Wandering empathy

The Scientific American blog feature, "Mind Matters," returns this week with a discussion of animal empathy involving primatologist Frans de Waal and neurobiologist Peggy Mason. There's some description of experimental results and of what it all means. Here's de Waal on mouse empathy:

The experiment involved putting pairs of mice through a so-called "writhing test." In each trial, two mice were placed in two transparent Plexiglas tubes so that they could see one another. Either one or both mice were injected with diluted acetic acid, which is known to cause a mild stomach ache. Mice respond to this discomfort with characteristic stretching movements. The researchers found that an injected mouse would show more of this movement if its partner displayed it than it would if its partner had not been injected.
Significantly, this increased display occurred only in mouse pairs who were cage mates.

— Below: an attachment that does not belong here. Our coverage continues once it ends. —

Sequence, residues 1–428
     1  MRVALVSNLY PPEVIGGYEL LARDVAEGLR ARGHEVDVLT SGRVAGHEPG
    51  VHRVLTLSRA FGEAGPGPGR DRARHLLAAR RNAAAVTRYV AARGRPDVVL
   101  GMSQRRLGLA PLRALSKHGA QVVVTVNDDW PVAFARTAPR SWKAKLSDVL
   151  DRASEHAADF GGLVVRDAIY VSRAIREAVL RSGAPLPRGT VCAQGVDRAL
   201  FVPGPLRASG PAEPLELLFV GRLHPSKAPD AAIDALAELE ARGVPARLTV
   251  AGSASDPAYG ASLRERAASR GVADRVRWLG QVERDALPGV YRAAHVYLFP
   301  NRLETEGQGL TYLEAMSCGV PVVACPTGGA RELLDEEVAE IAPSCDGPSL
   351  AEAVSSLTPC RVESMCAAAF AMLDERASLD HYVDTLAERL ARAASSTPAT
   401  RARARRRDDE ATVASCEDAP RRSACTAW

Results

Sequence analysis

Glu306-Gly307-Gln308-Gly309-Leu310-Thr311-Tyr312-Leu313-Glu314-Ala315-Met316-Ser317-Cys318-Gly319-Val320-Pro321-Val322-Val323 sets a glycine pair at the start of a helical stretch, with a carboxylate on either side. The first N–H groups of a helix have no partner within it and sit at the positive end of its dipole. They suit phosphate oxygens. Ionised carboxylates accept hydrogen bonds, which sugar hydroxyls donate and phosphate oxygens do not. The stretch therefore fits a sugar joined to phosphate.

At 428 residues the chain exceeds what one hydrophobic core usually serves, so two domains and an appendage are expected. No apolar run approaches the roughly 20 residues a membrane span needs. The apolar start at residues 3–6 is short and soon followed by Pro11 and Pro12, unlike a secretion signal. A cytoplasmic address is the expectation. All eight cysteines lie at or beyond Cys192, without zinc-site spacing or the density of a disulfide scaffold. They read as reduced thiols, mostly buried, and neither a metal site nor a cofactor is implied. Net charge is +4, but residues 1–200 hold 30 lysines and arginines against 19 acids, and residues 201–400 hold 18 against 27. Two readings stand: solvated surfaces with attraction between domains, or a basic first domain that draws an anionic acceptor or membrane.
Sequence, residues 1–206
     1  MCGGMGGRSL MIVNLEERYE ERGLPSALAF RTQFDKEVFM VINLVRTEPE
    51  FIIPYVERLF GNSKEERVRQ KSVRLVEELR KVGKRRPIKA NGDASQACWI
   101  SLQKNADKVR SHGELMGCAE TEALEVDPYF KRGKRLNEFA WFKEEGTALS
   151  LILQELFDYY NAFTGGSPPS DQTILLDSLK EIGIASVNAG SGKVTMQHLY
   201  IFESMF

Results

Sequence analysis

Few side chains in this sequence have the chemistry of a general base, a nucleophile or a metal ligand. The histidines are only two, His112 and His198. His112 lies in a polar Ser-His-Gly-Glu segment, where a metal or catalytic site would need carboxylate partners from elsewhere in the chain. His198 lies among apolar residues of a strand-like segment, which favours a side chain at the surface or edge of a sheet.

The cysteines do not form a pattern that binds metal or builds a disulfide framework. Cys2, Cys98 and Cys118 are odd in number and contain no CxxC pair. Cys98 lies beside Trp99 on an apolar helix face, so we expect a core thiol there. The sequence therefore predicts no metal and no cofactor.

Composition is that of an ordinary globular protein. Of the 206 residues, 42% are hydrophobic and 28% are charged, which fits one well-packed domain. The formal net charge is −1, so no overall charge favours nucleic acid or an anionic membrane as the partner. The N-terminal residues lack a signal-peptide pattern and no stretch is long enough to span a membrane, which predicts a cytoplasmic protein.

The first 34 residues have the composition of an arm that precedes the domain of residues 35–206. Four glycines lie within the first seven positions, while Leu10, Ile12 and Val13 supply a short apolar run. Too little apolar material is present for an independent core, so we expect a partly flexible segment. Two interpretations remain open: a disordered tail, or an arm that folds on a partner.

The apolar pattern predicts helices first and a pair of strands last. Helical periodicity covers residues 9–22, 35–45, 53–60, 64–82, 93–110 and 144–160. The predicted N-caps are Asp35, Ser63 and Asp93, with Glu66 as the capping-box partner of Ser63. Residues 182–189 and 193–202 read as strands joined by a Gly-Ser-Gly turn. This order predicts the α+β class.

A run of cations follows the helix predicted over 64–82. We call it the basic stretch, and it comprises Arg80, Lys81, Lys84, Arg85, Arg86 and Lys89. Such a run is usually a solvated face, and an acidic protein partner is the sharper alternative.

Male (and not female) mice showed an interesting additional phenomenon when witnessing a strange male mouse in pain: its own pain sensitivity actually dropped. The counter-empathic reaction occurred only in male pairs that didn't know each other, which are probably the pairs with the greatest degree of rivalry. Was that rivalry suppressing their reaction, or did they actually feel less empathy for a strange rival?

OK, so maybe if the mice are empathetic to us, we'll have some hope when they finally make their move toward world domination. Hey, maybe empathy is actually a necessary side-effect of social intelligence. Then, breeding them to be super-intelligent would actually protect us!

But of course, de Waal himself has been important in showing the relationship between social intelligence and deception.


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Optimus Prime, photo by Mike Bernardo, Creative Commons license, available on Flickr


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Megatron, photo by Ramen Junkie, Creative Commons license, available on Flickr

Maybe there's more here than meets the eye?

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"Pan on Megatron", photo by Tai Toh, Creative Commons license, available on Flickr